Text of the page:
Far and away, the a-aminocarboxylate moiety has
become the prevailing molecular architecture of the new
generation of detergent builders. There are a number of reasons why this has happened. First, more effective chelation
is achieved by branched structures than by linear molecules,
due to simple statistical considerations. Once a single che-late-metal ion bond has formed, the formation of additional
bonds is facilitated by the close proximity of the branched
structure. A linear molecule must establish additional chelate bonds sequentially—a statistically less likely process.
The handy trivalent nature of the nitrogen atom provides a
convenient handle for a branch point in a molecule.
Also, it’s easy to design and build molecules which form
five-member chelate rings from the a-aminocarboxylates.
The formation of five-member rings is highly desirable.
Smaller rings are energetically disfavored due to ring strain.
Larger rings are entropically undesirable. Statistically, a metal
atom is as likely to bond to another chelant molecule as it is
to another site on the same molecule when the ring size is
too large. Five-member rings provide the best compromise
between these two competing factors.
A third reason the a-aminocarboxylates enjoy current
popularity is that the granddaddy of all chelants, EDTA, features the a-aminocarboxylate structure and is also a food
additive. It is more difficult to ban a material as a “deadly
toxin” which has already achieved status as a food additive.
EDTA, shown above in the acid form, works very well
as a detergent builder, but has its share of disadvantages.
It’s a relatively large molecule (molecular mass = 292 g mol-
1), yielding relatively few moles of chelating ability for each
pound of material. Its rate of degradation in the environment is slow. While EDTA does a good job complexing calcium and magnesium ions—water hardness ions—it is a
superb chelant for many other metals, some of which are
Some formulators worry that detergents built with EDTA
will be discharged into river beds or lake bottoms containing safely immobilized heavy metals. The EDTA will readily
give up its complexed calcium ion to form a much stronger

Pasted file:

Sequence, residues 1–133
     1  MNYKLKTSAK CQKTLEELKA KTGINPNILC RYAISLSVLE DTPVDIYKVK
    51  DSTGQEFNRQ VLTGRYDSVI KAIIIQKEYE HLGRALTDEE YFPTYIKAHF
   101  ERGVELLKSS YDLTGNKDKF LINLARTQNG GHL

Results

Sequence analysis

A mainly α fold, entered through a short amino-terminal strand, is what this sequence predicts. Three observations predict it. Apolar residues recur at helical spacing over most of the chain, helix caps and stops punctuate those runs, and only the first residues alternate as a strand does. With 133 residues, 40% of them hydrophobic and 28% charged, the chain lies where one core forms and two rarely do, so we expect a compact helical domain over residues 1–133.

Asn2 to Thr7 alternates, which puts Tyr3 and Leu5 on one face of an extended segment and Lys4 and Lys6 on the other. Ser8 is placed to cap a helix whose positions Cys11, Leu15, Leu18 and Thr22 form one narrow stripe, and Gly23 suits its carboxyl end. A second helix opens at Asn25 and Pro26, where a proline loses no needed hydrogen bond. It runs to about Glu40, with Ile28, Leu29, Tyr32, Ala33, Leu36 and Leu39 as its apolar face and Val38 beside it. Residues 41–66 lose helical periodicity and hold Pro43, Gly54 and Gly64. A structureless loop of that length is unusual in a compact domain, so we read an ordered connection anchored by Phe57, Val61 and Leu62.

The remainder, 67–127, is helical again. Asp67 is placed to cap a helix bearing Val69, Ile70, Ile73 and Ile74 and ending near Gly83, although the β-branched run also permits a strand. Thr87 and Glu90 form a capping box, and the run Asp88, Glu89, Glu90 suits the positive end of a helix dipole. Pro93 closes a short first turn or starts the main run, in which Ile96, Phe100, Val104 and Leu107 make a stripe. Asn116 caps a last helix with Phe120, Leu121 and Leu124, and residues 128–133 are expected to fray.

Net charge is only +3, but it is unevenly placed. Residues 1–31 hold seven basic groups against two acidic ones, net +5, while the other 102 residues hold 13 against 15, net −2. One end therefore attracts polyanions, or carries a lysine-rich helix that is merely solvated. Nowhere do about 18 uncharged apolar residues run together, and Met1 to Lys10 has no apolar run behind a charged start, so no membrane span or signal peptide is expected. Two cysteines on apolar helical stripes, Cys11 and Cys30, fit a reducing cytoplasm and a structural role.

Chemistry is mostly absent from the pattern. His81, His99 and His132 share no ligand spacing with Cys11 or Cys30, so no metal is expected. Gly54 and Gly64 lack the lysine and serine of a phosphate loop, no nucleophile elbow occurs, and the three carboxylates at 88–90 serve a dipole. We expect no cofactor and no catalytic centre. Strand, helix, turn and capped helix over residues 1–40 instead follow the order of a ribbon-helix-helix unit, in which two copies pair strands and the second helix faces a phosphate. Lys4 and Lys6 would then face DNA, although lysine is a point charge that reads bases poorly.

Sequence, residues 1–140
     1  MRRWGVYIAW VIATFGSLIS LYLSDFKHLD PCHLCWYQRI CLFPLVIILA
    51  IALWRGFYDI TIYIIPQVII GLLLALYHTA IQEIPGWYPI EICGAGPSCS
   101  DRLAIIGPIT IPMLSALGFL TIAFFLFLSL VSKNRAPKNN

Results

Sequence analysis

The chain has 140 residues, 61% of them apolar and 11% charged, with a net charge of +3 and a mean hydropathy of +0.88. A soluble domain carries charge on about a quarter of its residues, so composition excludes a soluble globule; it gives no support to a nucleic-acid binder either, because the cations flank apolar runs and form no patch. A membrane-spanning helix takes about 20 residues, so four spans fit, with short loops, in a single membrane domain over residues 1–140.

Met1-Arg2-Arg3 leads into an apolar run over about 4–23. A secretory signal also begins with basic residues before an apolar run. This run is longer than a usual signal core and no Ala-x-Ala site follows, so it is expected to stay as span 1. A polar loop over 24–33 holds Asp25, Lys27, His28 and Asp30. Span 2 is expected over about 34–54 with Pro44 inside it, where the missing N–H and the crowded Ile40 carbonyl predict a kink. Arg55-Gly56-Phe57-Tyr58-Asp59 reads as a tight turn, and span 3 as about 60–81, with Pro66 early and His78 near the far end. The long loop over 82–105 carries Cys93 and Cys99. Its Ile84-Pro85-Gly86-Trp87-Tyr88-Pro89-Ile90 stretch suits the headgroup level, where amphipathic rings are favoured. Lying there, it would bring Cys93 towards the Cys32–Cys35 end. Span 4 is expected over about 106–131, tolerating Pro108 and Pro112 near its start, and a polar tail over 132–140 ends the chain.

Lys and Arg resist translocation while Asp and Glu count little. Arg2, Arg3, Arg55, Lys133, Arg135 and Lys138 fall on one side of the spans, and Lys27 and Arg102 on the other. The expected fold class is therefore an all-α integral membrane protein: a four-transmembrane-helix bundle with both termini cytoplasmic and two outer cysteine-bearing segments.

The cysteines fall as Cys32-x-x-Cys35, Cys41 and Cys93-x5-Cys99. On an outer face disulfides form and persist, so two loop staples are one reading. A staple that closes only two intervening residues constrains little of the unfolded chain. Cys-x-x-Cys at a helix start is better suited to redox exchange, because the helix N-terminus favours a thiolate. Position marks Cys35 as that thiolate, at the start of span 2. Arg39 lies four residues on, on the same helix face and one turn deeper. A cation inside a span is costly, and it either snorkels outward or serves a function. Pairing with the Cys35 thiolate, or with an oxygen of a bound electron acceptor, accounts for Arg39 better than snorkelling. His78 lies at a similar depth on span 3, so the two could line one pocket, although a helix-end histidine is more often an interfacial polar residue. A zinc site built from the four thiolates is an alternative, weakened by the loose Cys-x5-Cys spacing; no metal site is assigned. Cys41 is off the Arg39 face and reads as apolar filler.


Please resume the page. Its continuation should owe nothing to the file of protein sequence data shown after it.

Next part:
chelate with mercury or lead. Solubilizing these metals creates an obvious environmental disaster.
At first glance the development of NTA, shown below,
provided a perfect solution.
NTA (molecular mass = 191 g mol-1) is highly soluble
as the sodium salt and generally easy to incorporate into a
wide array of product groups. It is a smaller molecule than
EDTA, packing more chelating ability into a pound of raw
material. It effectively chelates calcium and magnesium. It
degrades rapidly, minimizing the potential problem of solubilizing heavy metals.
The strongest evidence of its excellent performance is
that it suffered the usual fate of all successful molecules. It
was cast in the starring role of an array of studies as “potential
carcinogen.” Unfortunate conscripts of rats and mice were
fed NTA up to 2% of their diets [ www.hc-sc.ca/ewh-semt/
pubs/water-ean/nitrilotriacetic_acid/ index-eng.php], a level
more than 10,000 times higher than any expected real world
exposure [ www.ncbi.nlm.nih.gov/pubmed/12844192]. Not
surprisingly, it wasn’t long before NTA was “known to the
state of California” to be a possible carcinogen and subject
to the kind of labeling that puts a damper on product sales.
Maybe NTA is sufficiently troublesome that we need to
minimize our exposure to it. On the other hand, consider
the possibility that NTA was a simple victim of bad public
An important tool in our arsenal of identifying carcinogens is the Ames test. Developed by Bruce Ames—for
which he won a Nobel Prize—the test’s advantage is that it
can be done quickly. The Ames test correlates mutagenicity in a bacterium with carcinogenicity potential. Bacteria
grow fast while tumors are notorious for developing slowly.
Ames, world-class biologist that he is, hypothesized that
it made no sense that so many synthetic materials he stud-
ied were identified as possible carcinogens (59% of materials
tested). He subjected a number of natural materials to the
Ames test and found a similar high rate of carcinogenicity
potential (57% of materials tested) [ www.bruceames.org/
The world at large, deeply entrenched in the fad that
“natural is always good,” was not ready for this message. Ed
Bradley of 60 Minutes famously defamed Ames over the “nat-
ural” issue. The public had spoken: “I’ve made up my mind;
don’t confuse me with the facts. Natural is always good.”
We chemists have finally begun to get the hint. Increas-
ingly, we make molecules from naturally occurring bases.
Glutamic acid N,N-diacetic acid is a detergent builder derived
from the naturally occurring glutamic acid. It’s a good chelant
for all the usual reasons. It is a little on the large size (molecu-
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